Monday, August 3, 2015

Anthrax's Scott Ian: "There's no consequence to stealing music online"


Anthrax guitarist Scott Ian was recently interviewed by SiriusXM, you can read some excerpts below.


Ian said: "Music's never been cheaper now. I'm talking about the cost to buy a CD. You can get a brand new record from your favorite band for ten dollars, basically. And even that's high, 'cause most bands will sell 'em cheaper, especially the first or two the records are out. So, for ten bucks you can get a new record. I mean, it wasn't that long ago that CDs cost $18.99 at the Virgin Megastore. Records cost half what they used to cost, and people aren't buying them as much, which is crazy to me. It's never been cheaper. What more do the people want?"

He continued: "I get it. I understand there's a thing called the Internet and people have the ability to steal music. So I understand why it's happening, but you would think that people would just have the attitude, 'I'm gonna support music, I'm gonna support the bands I love, because if I don't support this, well, the bands I love aren't gonna be able to make records anymore and they're not gonna be able to tour as much anymore. So it's this weird conundrum that everybody is finding themselves in in the last few years. I get it.'

Ian added: "Look, if I was a kid, and it was 1977 and I had a way to get KISS albums for free, I'm pretty sure I probably would have jumped on that bandwagon. But for me to get a free KISS album in 1977 would have meant having the balls to walk into a record store, take a vinyl album, stick it under my shirt and walk out without getting caught. There was a consequence to that. So it's a completely different thing today. There's no consequence to stealing music online … or anything: movies, or books, or anything. Maybe until there's a proper consequence and people actually realize they're breaking a law, then maybe it will change. But, I mean, it's, like… C'mon, man! Seriously? Ten dollars for a CD? That's asking too much?"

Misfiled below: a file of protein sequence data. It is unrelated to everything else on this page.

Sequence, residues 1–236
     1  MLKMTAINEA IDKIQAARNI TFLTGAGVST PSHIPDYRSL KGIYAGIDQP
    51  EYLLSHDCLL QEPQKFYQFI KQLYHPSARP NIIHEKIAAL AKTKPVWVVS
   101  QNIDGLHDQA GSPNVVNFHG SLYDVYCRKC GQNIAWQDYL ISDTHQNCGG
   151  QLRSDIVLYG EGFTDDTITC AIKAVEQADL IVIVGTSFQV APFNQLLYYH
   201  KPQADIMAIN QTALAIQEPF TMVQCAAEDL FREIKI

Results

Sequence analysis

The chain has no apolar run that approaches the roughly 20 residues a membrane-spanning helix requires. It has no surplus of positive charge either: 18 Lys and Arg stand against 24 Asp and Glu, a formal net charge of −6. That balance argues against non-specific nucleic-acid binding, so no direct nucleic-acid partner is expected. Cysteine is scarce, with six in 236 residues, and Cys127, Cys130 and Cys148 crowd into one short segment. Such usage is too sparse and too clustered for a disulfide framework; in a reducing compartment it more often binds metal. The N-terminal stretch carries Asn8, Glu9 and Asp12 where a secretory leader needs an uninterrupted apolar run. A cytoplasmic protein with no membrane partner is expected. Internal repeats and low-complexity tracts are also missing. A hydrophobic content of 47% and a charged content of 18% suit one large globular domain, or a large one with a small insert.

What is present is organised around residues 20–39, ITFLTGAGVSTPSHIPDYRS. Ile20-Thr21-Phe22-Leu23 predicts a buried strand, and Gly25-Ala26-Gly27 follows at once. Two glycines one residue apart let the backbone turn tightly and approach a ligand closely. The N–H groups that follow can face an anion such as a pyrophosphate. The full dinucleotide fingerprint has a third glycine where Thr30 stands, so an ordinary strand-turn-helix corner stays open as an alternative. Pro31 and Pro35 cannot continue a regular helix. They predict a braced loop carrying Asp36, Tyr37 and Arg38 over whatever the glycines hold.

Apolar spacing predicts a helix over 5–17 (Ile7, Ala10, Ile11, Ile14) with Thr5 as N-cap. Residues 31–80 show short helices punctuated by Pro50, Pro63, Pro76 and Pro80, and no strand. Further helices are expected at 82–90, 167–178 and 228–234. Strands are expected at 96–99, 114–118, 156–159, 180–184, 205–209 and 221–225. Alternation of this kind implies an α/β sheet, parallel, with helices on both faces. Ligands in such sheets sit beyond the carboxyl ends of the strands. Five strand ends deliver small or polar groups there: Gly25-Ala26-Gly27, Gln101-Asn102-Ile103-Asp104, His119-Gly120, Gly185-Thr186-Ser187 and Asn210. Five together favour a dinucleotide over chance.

Ian also talked about the fact that more consumers are streaming music over the internet to their smartphones or computers, instead of owning collections of songs.

Ian said: "I'm not against streaming. I also do look forward and understand that it's the way of the future; it's the way things have been going for years and years and years. From the days of cassette Walkmans back in the '80s, the technology has been pushing forward to make music more portable. And this is just the next wave of it, really."

He continued: "As kids, we didn't look at your Walkmans, we didn't look at them as a threat to the way of life for the music industry, but if you go back to that time, to the older generations, to them, 'What the fuck is a Walkman? You're gonna walk around and listen to music in headphones while you're on a subway train going to work? What kind of shit is this?' So it's the same thing. It's really the same thing."

Ian added: "I mean, who knew that this is where it was gonna end up? And not even end up. Where is it gonna be fifty years from now? Then you'll just have a chip inside, planted in your neck, with the whole catalog of all the hit music in history, and you just think about it and the song comes in your head. Eventually, maybe it's gonna go there. You just have to buy the chip for, like, a million dollars."